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Publication numberUS20100030557 A1
Publication typeApplication
Application numberUS 11/497,011
Publication dateFeb 4, 2010
Filing dateJul 31, 2006
Priority dateJul 31, 2006
Also published asCN101496096A, CN101496096B, EP2047459A2, WO2008016949A2, WO2008016949A3
Publication number11497011, 497011, US 2010/0030557 A1, US 2010/030557 A1, US 20100030557 A1, US 20100030557A1, US 2010030557 A1, US 2010030557A1, US-A1-20100030557, US-A1-2010030557, US2010/0030557A1, US2010/030557A1, US20100030557 A1, US20100030557A1, US2010030557 A1, US2010030557A1
InventorsStephen Molloy, Khaled Helmi El-Maleh
Original AssigneeStephen Molloy, Khaled Helmi El-Maleh
Export CitationBiBTeX, EndNote, RefMan
External Links: USPTO, USPTO Assignment, Espacenet
Voice and text communication system, method and apparatus
US 20100030557 A1
Abstract
The disclosure relates to systems, methods and apparatus to convert speech to text and vice versa. One apparatus comprises a vocoder, a speech to text conversion engine, a text to speech conversion engine, and a user interface. The vocoder is operable to convert speech signals into packets and convert packets into speech signals. The speech to text conversion engine is operable to convert speech to text. The text to speech conversion engine is operable to convert text to speech. The user interface is operable to receive a user selection of a mode from among a plurality of modes, wherein a first mode enables the speech to text conversion engine, a second mode enables the text to speech conversion engine, and a third mode enables the speech to text conversion engine and the text to speech conversion engine.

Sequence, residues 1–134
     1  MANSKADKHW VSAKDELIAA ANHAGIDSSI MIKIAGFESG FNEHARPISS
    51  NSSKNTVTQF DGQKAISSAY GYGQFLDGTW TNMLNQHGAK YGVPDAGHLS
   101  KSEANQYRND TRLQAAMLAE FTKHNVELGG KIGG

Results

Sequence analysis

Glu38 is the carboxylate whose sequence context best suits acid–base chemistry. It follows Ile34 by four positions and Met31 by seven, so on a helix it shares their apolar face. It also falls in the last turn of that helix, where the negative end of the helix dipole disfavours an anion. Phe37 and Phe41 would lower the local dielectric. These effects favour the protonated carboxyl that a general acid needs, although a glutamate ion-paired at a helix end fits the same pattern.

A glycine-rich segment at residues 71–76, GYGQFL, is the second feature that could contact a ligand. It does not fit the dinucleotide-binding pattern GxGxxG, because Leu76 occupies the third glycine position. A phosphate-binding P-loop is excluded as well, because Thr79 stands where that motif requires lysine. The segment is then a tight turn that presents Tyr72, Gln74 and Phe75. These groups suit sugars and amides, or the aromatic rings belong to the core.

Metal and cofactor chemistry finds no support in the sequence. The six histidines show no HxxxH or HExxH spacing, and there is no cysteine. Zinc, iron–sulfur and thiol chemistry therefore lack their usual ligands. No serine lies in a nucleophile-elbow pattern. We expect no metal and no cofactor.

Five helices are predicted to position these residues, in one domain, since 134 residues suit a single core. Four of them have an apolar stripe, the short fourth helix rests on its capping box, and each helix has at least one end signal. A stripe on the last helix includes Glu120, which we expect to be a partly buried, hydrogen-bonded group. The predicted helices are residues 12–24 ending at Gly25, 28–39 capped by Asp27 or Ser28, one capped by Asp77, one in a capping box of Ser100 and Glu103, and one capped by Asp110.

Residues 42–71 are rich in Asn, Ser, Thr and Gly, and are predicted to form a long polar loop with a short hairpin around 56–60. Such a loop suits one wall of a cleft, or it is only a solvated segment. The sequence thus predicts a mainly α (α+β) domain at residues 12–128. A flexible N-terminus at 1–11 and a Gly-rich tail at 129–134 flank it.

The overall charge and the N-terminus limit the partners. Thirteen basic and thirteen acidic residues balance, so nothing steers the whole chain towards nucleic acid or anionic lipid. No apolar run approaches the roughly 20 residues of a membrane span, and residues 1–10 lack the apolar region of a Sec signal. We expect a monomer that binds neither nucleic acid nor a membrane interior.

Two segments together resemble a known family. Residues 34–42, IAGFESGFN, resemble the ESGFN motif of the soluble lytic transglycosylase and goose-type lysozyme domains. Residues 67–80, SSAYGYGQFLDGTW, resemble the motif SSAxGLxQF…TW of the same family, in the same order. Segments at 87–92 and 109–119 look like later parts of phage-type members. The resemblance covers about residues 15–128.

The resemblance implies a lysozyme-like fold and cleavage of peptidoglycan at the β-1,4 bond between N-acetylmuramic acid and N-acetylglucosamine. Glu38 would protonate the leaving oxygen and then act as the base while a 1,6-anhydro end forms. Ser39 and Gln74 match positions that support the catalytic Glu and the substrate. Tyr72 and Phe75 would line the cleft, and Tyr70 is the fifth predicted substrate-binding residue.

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Claims(21)
1. An apparatus comprising:
a vocoder operable to convert speech signals into packets and convert packets into speech signals;
a speech to text conversion engine operable to convert speech to text;
a text to speech conversion engine operable to convert text to speech; and
a user interface operable to receive a user selection of a mode from among a plurality of modes, wherein a first mode enables the speech to text conversion engine, a second mode enables the text to speech conversion engine, and a third mode enables the speech to text conversion engine and the text to speech conversion engine.
2. The apparatus of claim 1, further comprising a display to display text from the speech to text conversion engine.
3. The apparatus of claim 1, further comprising a keypad to receive input text from a user.
4. The apparatus of claim 1, wherein the user interface is operable to receive a user selection of a mode before the apparatus receives a call from another apparatus.
5. The apparatus of claim 1, wherein the user interface is operable to receive a user selection of a mode after the apparatus receives a call from another apparatus.
6. The apparatus of claim 1, further comprising a voice synthesizer to synthesize a user's voice.
7. The apparatus of claim 1, further comprising a transceiver operable to wirelessly transmit encoded speech packets and text packets to a communication network.
8. An apparatus comprising:
a vocoder operable to convert speech signals into packets and convert packets into speech signals;
a speech to text conversion engine operable to convert speech to text;
a user interface operable to receive a user selection of a mode from among a plurality of modes, wherein a first mode enables the vocoder, and a second mode enables the speech to text conversion engine; and
a transceiver operable to wirelessly transmit encoded speech packets and text packets to a communication network.
9. The apparatus of claim 8, further comprising a display to display text from the speech to text conversion engine.
10. The apparatus of claim 8, further comprising a keypad to receive input text from a user.
11. The apparatus of claim 8, wherein the user interface is operable to receive a user selection of a mode before the apparatus receives a call from another apparatus.